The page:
We found a non-profit bakery helping at risk teens who are living on the street. The bakery was started by a French woman who wanted to help the teens by providing a place for them to stay and teach them the skill of baking. Unfortunately, The Yada Project has not figured out a way to import fresh bakery. We were happy to do our part of helping support the bakery while we were there…yum!
Our next stop was a bus trip through the mountains to the city of Puno, located on Lake Titicaca. Lake titicaca is the largest lake at the elevation. On one end of the lake is Peru and the other side is Bolivia. We did a 2 day tour of the islands on the lake.
The first island was a 2 hour boat ride to a man-made floating island. As far as we know, it is the only of its kind in the world. The floating island idea was started hundreds of years ago by feuding Indian tribes. The only way for the Aymara tribe to protect themselves was to escape to the lake and build a floating island. The island is made of reeds that grow in the shallow waters of Lake Titicaca. Stepping onto the island feels like you are walking on a waterbed. People still live on various floating islands and function similarly to how they did hundreds of years ago. Totally fascinating!

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The next island was another 2 hours across Lake Titicaca, where we met a local Quecha family and stayed at their home. We had lunch and then hiked to the top of the island that allowed us to see into Bolivia. It was a magnificent view of mountains and the patchwork of crops grown on the island. This particular island is vegetarian, as they only eat what they grow.
After our hike, we enjoyed dinner with our host family and then got to dress up in their traditional garb and to go a dance. Many if the local families arrived to teach all the “tourist” their dances. It was a blast, and quite a sight to see us all dressed in the Quecha outfits. We returned to our “home” and experienced life without running water and electricity.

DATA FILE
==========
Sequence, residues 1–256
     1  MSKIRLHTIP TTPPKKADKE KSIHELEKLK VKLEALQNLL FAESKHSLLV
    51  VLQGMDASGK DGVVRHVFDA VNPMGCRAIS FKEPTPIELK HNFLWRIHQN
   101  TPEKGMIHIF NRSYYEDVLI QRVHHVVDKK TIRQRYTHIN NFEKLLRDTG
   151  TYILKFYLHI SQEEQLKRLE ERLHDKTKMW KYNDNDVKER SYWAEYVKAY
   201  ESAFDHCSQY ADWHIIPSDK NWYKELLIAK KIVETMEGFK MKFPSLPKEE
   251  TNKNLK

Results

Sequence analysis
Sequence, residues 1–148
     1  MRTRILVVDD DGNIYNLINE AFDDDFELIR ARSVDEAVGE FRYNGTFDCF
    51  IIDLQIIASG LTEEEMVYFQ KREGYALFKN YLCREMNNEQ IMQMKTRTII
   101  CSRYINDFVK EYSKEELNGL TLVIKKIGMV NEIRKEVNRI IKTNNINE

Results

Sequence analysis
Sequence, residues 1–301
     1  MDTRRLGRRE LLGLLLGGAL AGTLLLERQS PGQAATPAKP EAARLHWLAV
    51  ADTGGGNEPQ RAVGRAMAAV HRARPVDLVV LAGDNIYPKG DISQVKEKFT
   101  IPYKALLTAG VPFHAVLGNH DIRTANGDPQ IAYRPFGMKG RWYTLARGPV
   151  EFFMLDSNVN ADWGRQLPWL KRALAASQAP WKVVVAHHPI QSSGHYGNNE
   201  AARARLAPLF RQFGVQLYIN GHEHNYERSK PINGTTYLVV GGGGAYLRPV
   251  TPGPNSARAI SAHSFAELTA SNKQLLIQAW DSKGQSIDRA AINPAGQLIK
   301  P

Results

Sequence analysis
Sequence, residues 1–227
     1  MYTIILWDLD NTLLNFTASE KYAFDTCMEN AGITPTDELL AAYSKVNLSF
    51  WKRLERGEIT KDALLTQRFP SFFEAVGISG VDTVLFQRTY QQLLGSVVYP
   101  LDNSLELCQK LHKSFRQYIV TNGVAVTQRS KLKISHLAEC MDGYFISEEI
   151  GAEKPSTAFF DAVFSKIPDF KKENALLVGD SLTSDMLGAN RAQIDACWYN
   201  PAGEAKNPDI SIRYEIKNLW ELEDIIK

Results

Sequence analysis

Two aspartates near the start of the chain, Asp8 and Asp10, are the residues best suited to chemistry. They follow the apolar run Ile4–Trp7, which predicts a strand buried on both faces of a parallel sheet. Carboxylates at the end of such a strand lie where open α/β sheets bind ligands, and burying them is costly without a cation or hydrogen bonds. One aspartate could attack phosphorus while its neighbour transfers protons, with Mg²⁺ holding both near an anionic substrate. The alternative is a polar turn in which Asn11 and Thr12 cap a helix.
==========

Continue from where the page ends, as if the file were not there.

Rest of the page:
The next morning we boarded the boat for a tour of one more island. It was another great hike to the top and another step back in time to a place that has a different pace of life.
In the midst of our 2 day tour, we had the chance to get to know the other passengers. We enjoyed hearing of others adventures (apparently Bolivia is NOT the place to stay in a hostal!). Eva made friends with a girl from Argentina that was traveling through Peru as well. We had a great time seeing Lake Titicaca.
We then boarded an overnight bus to Arequipa. Arequipa is the second largest city in Peru, with beautiful volcanic white buildings surrounded by white capped mountains and volcanoes. We spent the day walking the streets and exploring their downtown.



We are now heading out of Peru and traveling to Paraguay via Chile and Argentina. In fact, as I write this I am sitting on a non-air conditioned bus driving through the desert. I heard it is been a terribly cold winter at home, so I will not complain about being a bit hot. :)
We expect to spend the next 40 hours or so traveling to Paraguay. We will update with our arrival or adventures enroute when we arrive!

Hooray from Huaraz…


Written on Thursday, January 30:
We have made another great contact for The Yada Project. We were introduced to Arco Iris, a children’s home in Huaraz, Peru. I’m going to share a lot of cool details from our meetings with them the past few days, so skip to the end if you want the bottom line.